Lighter fare for spring feasts
Looking for a dish that’s just right for spring? Look no further than these internationally inspired favorites. As an added bonus, they look challenging but are really quite simple and sure to impress.
Napoleons are typically tied to France where they are known as mille-feuille (roughly translated as “thousand leaves”), but they are enjoyed around the world. Made from three layers of puff pastry alternating with two layers of pastry cream, they are a classic combination of textures and tastes – rich and creamy, crispy and light.
1 package (14 oz.) frozen puff pastry, thawed
1 cup mascarpone or regular cream cheese
3/4 cup Eagle Brand® regular or low fat sweetened condensed milk
3/4 cup whipping cream, whipped
4 ounces white chocolate, melted, divided
1 1/2 cups strawberries, sliced,
Preheat oven to 400ºF.
Baking: On lightly floured surface, roll out half of puff pastry to a 12” long by 8” wide rectangle. Cut in half horizontally. Transfer both rectangles to parchment lined baking sheet. Prick all over with fork. Refrigerate while you repeat process with remaining puff pastry. Bake rectangles, one sheet at a time, in center of preheated oven for 12-15 minutes or until puffed and golden. Cool completely on racks.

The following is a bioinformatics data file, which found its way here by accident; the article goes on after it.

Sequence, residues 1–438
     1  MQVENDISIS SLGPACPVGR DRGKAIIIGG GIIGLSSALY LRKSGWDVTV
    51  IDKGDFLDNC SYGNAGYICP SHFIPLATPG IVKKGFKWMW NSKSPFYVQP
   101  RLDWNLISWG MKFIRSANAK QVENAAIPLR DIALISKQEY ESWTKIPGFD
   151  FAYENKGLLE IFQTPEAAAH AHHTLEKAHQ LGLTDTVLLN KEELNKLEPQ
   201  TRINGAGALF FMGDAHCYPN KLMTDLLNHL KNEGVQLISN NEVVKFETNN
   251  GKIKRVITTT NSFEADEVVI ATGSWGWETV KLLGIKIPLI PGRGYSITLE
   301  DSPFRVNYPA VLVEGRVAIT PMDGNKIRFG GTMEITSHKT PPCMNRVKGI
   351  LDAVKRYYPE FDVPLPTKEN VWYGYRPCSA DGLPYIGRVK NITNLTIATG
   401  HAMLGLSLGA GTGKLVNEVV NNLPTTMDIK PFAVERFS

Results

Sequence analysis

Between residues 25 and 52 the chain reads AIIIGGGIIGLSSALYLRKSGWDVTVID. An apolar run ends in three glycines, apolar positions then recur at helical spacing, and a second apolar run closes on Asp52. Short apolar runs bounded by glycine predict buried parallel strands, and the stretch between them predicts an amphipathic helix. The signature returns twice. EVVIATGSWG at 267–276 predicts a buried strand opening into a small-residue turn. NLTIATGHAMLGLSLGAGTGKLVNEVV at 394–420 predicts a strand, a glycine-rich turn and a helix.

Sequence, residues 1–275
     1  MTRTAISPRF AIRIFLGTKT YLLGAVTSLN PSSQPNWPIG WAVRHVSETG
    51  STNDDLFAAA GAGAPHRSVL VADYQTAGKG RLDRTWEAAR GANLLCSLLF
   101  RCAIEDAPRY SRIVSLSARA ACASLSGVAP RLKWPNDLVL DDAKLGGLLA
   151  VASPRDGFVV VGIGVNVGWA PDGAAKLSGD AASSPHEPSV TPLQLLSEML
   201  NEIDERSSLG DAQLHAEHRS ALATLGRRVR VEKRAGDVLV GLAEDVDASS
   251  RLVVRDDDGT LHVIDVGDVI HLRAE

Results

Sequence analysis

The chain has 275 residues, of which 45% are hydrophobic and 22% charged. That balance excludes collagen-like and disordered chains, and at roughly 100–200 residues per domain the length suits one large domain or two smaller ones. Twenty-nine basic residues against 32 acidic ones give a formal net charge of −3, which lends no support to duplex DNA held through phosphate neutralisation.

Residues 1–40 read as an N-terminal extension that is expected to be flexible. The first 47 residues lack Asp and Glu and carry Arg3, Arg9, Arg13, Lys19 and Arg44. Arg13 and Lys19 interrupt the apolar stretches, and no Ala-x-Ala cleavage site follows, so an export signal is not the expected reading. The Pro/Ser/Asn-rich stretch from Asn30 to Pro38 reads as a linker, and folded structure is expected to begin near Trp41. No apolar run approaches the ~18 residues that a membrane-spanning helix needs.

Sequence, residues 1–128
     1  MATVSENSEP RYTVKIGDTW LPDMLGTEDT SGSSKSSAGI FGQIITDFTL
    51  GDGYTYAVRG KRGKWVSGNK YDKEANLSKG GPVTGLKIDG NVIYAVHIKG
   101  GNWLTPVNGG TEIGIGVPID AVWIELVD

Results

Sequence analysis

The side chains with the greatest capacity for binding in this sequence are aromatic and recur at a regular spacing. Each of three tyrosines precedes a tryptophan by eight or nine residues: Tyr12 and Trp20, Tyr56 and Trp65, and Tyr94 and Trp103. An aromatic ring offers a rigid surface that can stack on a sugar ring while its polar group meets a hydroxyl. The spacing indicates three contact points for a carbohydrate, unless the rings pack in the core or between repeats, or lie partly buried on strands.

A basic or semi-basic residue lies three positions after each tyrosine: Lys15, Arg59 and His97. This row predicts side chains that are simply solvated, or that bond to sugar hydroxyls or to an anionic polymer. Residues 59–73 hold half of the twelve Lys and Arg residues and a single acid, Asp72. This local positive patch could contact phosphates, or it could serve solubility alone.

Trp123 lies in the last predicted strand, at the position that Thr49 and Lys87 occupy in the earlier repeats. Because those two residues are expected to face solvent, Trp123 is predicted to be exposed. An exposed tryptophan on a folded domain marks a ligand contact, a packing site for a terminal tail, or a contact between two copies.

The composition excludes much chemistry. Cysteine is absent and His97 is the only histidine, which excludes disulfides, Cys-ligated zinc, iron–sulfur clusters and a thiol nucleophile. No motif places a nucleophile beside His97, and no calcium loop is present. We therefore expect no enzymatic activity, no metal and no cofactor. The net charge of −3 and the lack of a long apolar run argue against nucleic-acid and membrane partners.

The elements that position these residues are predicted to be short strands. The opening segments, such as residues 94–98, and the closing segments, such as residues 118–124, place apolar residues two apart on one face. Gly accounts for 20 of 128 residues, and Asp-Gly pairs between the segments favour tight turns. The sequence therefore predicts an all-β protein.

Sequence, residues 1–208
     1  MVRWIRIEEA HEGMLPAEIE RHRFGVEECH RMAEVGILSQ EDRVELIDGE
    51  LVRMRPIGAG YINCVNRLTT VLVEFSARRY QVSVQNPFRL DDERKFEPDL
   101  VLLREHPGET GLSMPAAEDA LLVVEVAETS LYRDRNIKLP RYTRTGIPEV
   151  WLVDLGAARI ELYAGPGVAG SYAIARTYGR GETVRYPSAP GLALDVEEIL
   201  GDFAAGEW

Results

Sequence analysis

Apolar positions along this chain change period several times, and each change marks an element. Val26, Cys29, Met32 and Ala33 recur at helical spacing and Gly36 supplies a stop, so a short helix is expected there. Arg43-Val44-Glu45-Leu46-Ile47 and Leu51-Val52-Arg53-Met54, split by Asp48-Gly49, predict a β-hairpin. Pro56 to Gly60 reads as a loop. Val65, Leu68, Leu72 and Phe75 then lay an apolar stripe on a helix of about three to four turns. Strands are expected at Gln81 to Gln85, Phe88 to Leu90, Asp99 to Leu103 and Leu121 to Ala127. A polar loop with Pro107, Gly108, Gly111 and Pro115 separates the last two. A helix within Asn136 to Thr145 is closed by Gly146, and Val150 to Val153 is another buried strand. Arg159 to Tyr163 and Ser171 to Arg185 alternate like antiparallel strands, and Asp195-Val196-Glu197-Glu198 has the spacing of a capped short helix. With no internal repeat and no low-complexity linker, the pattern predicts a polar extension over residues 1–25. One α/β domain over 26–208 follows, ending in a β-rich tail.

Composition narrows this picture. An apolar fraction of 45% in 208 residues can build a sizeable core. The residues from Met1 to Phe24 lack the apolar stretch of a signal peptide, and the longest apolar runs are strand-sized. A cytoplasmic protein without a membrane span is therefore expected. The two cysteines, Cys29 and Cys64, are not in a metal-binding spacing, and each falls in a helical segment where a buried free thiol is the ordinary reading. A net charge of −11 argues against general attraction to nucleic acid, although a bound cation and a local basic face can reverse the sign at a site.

Assembling: Beat mascarpone cheese until smooth. Gradually beat in sweetened condensed milk, beating until smooth and well combined. In thirds, fold in whipped cream. Place one piece of puff pastry on serving platter. Lightly crush top to flatten. Liberally drizzle with one quarter of white chocolate. Spread with one-quarter of cream mixture. Top with one third of strawberries. Repeat layers twice. Top with last sheet of puff pastry. Drizzle decoratively with remaining white chocolate.
Serving: Refrigerate for at least 2 hours or up to 8 hours. To serve, slice and plate with a dollop of cream and fresh fruit.
(Recipe and photo courtesy of Eagle Brand)
Parisian Street Vendor Crepes
In Paris, street vendor crepes are about a foot in diameter, a real meal and a half. However, you can use any size pan you like. One caution, be sure to make the batter at least 1 hour before cooking so that it can rest at room temperature. Resting makes for a much better crepe.
2 cups King Arthur® unbleached all-purpose flour
1/2 to 3/4 teaspoon salt
1 1/2 cups milk
4 large eggs
1/4 cup butter, melted but not bubbling hot